TCDD Public Comments in Response to Proposed Rulemaking on Inadmissibility on Public Charge Grounds

Public Policy Input — 2018

TCDD letterhead May 2017

December 10, 2018


Samantha Deshommes
Chief, Regulatory Coordination Division
Office of Policy and Strategy
U.S. Citizenship and Immigration Services
Department of Homeland Security
20 Massachusetts Avenue NW
Washington, DC 20529-2140


RE: DHS Docket No. USCIS-2010-0012, RIN 1615-AA22, Comments in Response to Proposed Rulemaking on Inadmissibility on Public Charge Grounds

Dear Ms. Deshommes:

The Texas Council for Developmental Disabilities (TCDD) is established by state and federal law and is governed by 27 board members, appointed by the Governor, 60% of whom are individuals with developmental disabilities or family members of individuals with disabilities. TCDD’s purpose in law is to encourage policy change so that people with disabilities have opportunities to be fully included in their communities and exercise control over their own lives. TCDD has a significant interest in state and federal agency rulemaking because each new rule, amendment, or repeal has the potential to affect the manner in which individuals with disabilities access and receive needed services, supports, and protections.

TCDD appreciates this opportunity to share its views on this potential policy change in public charge determinations. I write to express the Council’s strong opposition to the U.S. Department of Homeland Security’s proposed rule on public charge determinations. The proposed rule would cause major harm to people with disabilities and their families and communities; it’s unfair, discriminatory and bad policy for this country.

Federal law, including Section 504 of the Rehabilitation Act 1, prohibits discrimination on the basis of disability by federal agencies. Yet the proposed public charge rule will most assuredly discriminate against people with disabilities. Many people with disabilities will be screened out as likely to become a “public charge” under the proposed rule. While the preamble asserts that “the mere presence of a medical condition would not render an individual inadmissible” the reality, as discussed in detail below, is that the proposed rule would effectively exclude people with disabilities simply because they have a disability based on the proposed factors and how they are weighed.

Current law establishes the minimum factors DHS should consider in public charge determination: age; health; family status; assets, resources, and financial status; and education and skills. The proposed rule goes beyond the legislative framework and sets strict new standards, evidence DHS looks at when considering the factors, and specifies how these factors are weighed. The rule greatly expands the category of people who will be inadmissible as a “public charge” by considerably broadening the types of benefits included in the public charge test and dramatically lowering the threshold for being considered reliant on those benefits. The rule also significantly increases the consideration of an individual’s health and the negative impact that having a chronic health condition or disability has on being determined a public charge. These and other provisions in the proposed rule are based on an unreasonable new interpretation of what it means to be a “public charge” and will directly hurt and exclude people with disabilities. The proposed rule reflects a harmful, outdated and inaccurate prejudice that people with disabilities are not contributors to society – a perspective that Congress has explicitly rejected in multiple statutes, including the Americans with Disabilities Act.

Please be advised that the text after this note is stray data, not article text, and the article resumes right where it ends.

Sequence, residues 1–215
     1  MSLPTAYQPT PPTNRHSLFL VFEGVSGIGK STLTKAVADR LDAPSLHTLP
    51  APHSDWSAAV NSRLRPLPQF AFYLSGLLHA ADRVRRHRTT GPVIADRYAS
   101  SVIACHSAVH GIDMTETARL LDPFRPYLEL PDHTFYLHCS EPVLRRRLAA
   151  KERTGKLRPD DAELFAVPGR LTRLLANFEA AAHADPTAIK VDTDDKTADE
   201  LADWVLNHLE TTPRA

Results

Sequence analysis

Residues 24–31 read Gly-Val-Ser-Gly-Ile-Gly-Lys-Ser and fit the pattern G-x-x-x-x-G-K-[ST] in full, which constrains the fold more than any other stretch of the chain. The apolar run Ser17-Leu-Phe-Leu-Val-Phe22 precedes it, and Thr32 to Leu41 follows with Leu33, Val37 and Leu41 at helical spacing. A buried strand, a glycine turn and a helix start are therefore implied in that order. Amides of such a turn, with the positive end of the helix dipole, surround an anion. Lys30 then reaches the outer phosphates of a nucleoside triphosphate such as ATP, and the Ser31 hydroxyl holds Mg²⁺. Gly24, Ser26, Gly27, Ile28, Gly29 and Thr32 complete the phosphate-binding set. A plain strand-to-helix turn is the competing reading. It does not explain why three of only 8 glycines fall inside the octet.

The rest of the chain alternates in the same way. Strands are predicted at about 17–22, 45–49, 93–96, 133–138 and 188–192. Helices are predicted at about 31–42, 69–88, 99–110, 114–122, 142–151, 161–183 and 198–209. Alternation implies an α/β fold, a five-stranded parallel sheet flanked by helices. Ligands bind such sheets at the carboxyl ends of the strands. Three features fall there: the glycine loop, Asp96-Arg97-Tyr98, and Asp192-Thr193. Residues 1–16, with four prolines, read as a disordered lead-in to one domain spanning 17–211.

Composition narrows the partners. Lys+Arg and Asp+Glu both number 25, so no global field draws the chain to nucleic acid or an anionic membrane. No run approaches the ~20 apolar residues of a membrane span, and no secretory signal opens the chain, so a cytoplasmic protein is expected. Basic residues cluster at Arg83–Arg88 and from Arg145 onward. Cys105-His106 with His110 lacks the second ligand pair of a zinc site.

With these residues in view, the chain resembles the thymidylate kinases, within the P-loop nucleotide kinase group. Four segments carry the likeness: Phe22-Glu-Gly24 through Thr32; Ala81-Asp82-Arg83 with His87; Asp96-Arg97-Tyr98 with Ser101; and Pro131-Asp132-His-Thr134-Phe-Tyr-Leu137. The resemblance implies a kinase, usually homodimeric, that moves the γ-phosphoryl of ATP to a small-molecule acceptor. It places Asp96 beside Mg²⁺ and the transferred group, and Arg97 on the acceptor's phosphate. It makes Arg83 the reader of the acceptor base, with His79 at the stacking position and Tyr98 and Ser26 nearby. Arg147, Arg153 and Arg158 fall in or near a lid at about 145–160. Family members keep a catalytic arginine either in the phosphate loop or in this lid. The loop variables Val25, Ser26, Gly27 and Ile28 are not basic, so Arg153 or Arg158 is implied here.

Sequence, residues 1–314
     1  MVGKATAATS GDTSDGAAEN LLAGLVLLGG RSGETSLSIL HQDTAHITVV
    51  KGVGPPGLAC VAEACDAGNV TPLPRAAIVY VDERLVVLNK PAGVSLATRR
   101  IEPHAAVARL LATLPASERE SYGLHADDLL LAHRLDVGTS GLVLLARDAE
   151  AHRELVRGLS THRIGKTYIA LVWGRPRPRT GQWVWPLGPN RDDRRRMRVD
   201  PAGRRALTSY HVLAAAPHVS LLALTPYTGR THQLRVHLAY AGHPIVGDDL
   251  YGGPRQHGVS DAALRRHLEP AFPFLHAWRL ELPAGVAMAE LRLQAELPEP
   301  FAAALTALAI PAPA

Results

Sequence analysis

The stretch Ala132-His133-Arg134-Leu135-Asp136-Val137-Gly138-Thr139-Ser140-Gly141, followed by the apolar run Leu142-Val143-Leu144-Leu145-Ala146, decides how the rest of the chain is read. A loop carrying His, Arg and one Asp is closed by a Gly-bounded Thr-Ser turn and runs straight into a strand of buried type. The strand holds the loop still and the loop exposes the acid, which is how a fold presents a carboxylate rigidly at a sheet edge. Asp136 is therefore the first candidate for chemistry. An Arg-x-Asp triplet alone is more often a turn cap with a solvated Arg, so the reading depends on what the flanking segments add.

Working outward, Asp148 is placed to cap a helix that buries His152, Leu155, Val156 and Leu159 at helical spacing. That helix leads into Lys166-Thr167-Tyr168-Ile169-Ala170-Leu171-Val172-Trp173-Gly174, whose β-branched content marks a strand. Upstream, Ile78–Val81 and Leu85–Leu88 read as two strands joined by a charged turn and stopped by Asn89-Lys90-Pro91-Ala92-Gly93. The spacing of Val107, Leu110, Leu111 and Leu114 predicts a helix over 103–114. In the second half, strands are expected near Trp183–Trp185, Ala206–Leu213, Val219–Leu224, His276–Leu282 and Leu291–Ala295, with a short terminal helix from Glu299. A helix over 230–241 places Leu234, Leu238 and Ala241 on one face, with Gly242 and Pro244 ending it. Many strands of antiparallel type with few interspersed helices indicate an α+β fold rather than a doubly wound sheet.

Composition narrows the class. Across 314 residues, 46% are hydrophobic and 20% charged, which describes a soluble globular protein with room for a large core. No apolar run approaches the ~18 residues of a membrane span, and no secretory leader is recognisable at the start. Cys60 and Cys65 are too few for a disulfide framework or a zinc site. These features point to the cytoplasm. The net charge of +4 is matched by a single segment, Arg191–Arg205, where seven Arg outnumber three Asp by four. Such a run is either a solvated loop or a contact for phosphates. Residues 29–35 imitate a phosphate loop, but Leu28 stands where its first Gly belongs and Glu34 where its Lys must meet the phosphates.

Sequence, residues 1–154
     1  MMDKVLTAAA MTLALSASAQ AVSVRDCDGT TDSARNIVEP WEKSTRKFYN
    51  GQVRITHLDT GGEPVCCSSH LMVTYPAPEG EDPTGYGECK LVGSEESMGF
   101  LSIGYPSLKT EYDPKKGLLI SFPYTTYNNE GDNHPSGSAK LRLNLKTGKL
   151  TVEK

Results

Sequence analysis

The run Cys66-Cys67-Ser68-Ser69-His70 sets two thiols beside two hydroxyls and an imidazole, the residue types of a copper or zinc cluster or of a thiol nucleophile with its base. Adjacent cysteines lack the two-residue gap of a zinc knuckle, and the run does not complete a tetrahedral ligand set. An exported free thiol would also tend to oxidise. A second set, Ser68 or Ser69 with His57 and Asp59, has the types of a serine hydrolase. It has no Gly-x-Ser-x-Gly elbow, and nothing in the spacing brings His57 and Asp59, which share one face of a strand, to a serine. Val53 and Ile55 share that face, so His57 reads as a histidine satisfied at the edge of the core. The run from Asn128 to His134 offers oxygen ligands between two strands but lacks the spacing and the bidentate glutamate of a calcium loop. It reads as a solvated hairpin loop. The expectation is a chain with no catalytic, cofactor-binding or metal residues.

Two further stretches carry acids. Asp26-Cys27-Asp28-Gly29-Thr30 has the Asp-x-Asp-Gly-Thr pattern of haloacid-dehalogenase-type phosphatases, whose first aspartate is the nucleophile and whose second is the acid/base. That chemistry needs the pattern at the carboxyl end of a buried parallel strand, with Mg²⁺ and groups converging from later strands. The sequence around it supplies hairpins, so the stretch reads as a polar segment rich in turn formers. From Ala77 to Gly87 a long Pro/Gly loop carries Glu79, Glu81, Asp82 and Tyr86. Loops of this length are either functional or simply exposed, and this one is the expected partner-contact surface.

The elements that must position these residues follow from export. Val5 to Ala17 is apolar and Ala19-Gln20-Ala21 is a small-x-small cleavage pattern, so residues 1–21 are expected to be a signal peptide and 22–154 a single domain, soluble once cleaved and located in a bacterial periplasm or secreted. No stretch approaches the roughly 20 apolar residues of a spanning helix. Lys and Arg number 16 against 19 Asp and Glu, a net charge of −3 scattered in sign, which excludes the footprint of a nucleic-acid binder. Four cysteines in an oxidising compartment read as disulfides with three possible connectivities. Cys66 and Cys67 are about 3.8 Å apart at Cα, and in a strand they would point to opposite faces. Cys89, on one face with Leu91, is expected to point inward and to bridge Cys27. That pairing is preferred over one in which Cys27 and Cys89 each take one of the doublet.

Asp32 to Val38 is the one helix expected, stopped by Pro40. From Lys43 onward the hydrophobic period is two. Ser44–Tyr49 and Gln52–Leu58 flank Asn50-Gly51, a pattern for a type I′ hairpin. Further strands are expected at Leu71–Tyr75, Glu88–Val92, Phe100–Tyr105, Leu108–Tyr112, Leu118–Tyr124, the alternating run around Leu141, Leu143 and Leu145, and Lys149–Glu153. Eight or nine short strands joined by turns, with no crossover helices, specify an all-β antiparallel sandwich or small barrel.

Factors in the Proposed Rule That Will Particularly Harm People with Disabilities

Health

Under the proposed rule, DHS will consider whether a person’s health makes them more or less likely to become a public charge, including whether they have been “diagnosed with a medical condition that is likely to require extensive medical treatment or institutionalization or that will interfere with their ability to provide for and care for themselves, to attend school, or to work.” § 212.22(b)(2).

Whether someone’s health is considered likely to make them a public charge will be decided by DHS predicting outcomes of what a person can and will do based on their diagnosis and other information submitted to DHS, such as an attestation from their treating physician regarding whether a medical condition impacts the ability to work or go to school. The health factor with the proposed standards and related evidence explicitly singles out people with disabilities and chronic health conditions and perpetuates the false assumption that a medical diagnosis is solely determinative of an individual’s current abilities and future prospects

While health has always been a factor in the public charge test, the proposed rule codifies and unduly weights the specific standard for evaluating an individual’s health. The new standard includes any medical condition likely to require extensive medical treatment or institutionalization or that will interfere with a person’s ability to provide and care for him- or herself, to attend school, or to work. This category will include most people with disabilities – including people with intellectual and developmental disabilities, psychiatric disabilities, or physical disabilities who need personal care services. Thus, most people with disabilities will have this factor weigh against them in the public charge determination. In the reverse, the preamble states that absence of a diagnosis of such a condition would be a positive factor. Again, virtually no people with disabilities will be able to meet this positive factor. Moreover, the harmful impact of this new health standard is intensified against people with disabilities when combined with a person’s ability to pay for their health care costs (which is an element in the assets factor) and with the ability to pay for medical costs or have them covered under private insurance (which is a “heavily weighed negative factor”), both described below. In sum, this new interpretation of the health factor, particularly when combined with the other components related to health in the proposed rule, will in effect exclude people simply because they have a disability.